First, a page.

But McDavid got a taste last spring when he and Draisaitl went plaid and dragged the Oilers to the conference final before getting dong-whipped by the Avs. Perhaps that’s the fate that awaits the Oilers again, but McDavid may never find a Western Conference so ready and so available to be run through by just one or two players together.

The Oilers’ path likely starts with the L.A. Kings. And while they may not be as bad as one vindictive (though handsome) writer claims, there is not much special about them either. There may have been a time when Anze Kopitar would have had a chance to at least slow McDavid, but not at 35. Phillip Danault is one of the better checking centers around who can also score, but we also saw this last year and the Oilers prevailed. The Kings are still counting on Pheonix Copley in net as well. Ok, yes, the Kings have already gone 2-for-2 against the Oilers this year, but we defy you to be impressed by anything in black and silver this year.

From there, it’s likely the Vegas Golden Knights, who just had their starting goaltender leave a game injured (Logan Thompson) and they don’t know when he’ll be back. Their best player, Mark Stone, just had a backiotomy. They may have the most points in the West. They’re also completely there for the taking. Jack Eichel isn’t that guy until he proves he is.

Then it’s whoever comes out of the Central, and for all the noise and mystery of this season, that’s still likely to be the Avalanche. Except they don’t have Gabriel ThreeYaksAndADog (Landeskog) and no one’s sure they will. They’ve been ouchy all season, with only six players suiting up for 70 games or more so far this season. Maybe that means they’ll be rested, maybe it means the mileage from last season’s Cup run is taking its toll. Maybe it could be the Stars, and Jake Oettinger is the kind of goalie who can win a series on his own. But the Stars are also, essentially, one line and one d-man in Miro Heiskanen. Name a player on the Minnesota Wild other than Kirill Kaprizov and you’ll have admitted to a life of loneliness and desperation.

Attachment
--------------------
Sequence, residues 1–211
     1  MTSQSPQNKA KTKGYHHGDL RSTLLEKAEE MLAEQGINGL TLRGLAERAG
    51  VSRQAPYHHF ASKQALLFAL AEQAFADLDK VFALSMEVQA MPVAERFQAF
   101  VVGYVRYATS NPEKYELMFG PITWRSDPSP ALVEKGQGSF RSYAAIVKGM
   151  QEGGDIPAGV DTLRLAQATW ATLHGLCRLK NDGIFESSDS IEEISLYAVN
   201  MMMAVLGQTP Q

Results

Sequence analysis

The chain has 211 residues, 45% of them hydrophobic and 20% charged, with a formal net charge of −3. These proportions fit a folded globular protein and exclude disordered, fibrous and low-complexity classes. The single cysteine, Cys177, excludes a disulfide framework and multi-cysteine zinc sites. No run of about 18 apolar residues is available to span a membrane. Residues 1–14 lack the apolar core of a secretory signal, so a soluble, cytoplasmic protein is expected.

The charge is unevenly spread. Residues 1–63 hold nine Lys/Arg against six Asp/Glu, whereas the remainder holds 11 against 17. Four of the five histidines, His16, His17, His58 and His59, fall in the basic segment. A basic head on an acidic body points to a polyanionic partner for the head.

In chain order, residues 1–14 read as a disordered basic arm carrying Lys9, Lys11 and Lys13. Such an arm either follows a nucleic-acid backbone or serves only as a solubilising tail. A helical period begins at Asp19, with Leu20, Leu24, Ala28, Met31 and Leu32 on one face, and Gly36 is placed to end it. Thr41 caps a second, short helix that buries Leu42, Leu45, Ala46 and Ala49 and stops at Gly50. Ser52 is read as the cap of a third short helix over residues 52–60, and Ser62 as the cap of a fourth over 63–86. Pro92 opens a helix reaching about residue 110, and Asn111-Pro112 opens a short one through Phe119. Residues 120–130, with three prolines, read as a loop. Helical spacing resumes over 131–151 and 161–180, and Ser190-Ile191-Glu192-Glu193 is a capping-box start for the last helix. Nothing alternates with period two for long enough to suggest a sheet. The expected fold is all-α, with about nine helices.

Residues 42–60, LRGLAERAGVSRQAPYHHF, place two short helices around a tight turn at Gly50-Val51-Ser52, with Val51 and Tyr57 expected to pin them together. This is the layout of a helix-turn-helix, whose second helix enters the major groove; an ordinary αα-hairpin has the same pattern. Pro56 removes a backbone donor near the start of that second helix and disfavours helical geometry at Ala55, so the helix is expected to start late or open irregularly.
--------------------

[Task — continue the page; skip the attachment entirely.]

The West may never lie down like this again. The Avs will be healthy again come springtime at least once more in the near future. The Knights might be one day too, assuming they can keep convincing the NHL to not have the salary cap apply to them. Projecting out a little further, Connor Bedard has an excellent chance of landing in the division either in San Jose or Anaheim. Someone always surprises.

Does that mean the Oilers aren’t afflicted as they usually are? Of course not they’re flawed as fuck! Neither Stuart Skinner nor Jack Campbell has been able to stop a Christmas ham all season. Their defense, while recently greatly buffeted by the acquisition of Mattias Ekholm, has been the world’s worst velvet rope this month. And yet they’ve still gone 10-2-1 in March because McDavid and his cronies are just outsourcing their problems.

If ever there was a playoff season where a team like the Oilers could simply Smash TV their way out of the conference, it’s right here. Every team is flawed, hurt, or both. Hockey isn’t supposed to be a sport where one player can carry a team through all. But this isn’t all that much to carry through for McDavid. 

Original source here

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About the Author

Anthony Barnett
Anthony is the author of the Science & Technology section of ANH.